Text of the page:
It was another dazzling performance by Tucker Davidson on Wednesday for the Atlanta Braves proving that he deserves more recognition.
Coming into this season everyone was talking about Bryse Wilson, Kyle Wright, and Huascar Ynoa battling for that final spot. There was very little mention of Tucker Davidson.
And going back even before that, while he was dominating Double-A to a turn of a 2.03 ERA in 110.2 innings with 122 strikeouts, all of the talk was about his rotation mate, Ian Anderson.
That’s certainly for good reason as Ian has gone on to prove he’s a very good big-league pitcher.
But still, Davidson has seemingly been overlooked as a prospect his entire pro career.
We were screaming on here all of last season with the Braves’ rotation being decimated to give Davidson a chance.
They finally did in the last series of the year when things were wrapped up, and it didn’t go so well. And then he only got to pitch 2 innings in Spring Training for whatever reason.
He went to Triple-A to start the 2021 season and allowed just 2 earned runs on 8 hits and 4 walks over 20 innings with 23 strikeouts. That’s after he posted a 2.84 ERA in 4 starts with Gwinnett to end the 2019 season.
It’s still a pretty small sample size at Triple-A, but he’s been impressive.
The Braves decided to give the 25-year-old another shot at the big league level on May 18 and he put together a quality start against the Mets.
He was sent back down, but then called back up on June 3 to start against the Nationals and he pitched 5.2 scoreless innings allowing just 1 hit — but he did walk 5.
And then in his most recent start, he was incredible against the Phillies with 6 shutout innings allowing just 3 hits and 1 walk with 4 strikeouts.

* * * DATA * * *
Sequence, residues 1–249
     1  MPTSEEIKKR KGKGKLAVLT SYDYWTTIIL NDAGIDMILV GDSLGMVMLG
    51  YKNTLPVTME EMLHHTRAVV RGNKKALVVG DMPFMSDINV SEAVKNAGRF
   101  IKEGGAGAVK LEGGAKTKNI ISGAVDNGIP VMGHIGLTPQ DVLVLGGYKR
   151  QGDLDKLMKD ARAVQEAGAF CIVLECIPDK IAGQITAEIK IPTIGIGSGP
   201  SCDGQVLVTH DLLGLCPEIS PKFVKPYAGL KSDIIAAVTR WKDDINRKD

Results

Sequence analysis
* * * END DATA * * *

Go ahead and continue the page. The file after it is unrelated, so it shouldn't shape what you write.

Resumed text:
In three starts now this year he has allowed just 3 earned runs on 10 hits and 7 walks with 14 strikeouts in 17.2 innings pitched.
There is some obvious regression coming for him, but I do think — and always have thought — Davidson will be a solid middle-of-the-rotation starter.
He’s primarily a two-pitch pitcher throwing the fastball and slider 80 percent of the time while mixing in a good curveball as a put-away pitch. He’s not someone that’s going to overpower you and throw high velocity, but he’s been successful at every level along the way.
Sometimes we get caught up in getting excited about the possibility of an ace — and the Braves have had a nice run of those prospects in Mike Soroka, Max Fried, and now Anderson.
But you also need guys like Davidson who can back them up in the middle. Something prospects like Kyle Wright, Bryse Wilson, and Touki Toussaint haven’t been able to do at this point.
What Davidson has done is really impressive and I hope he sticks in the rotation — even that means moving Drew Smyly to the bullpen.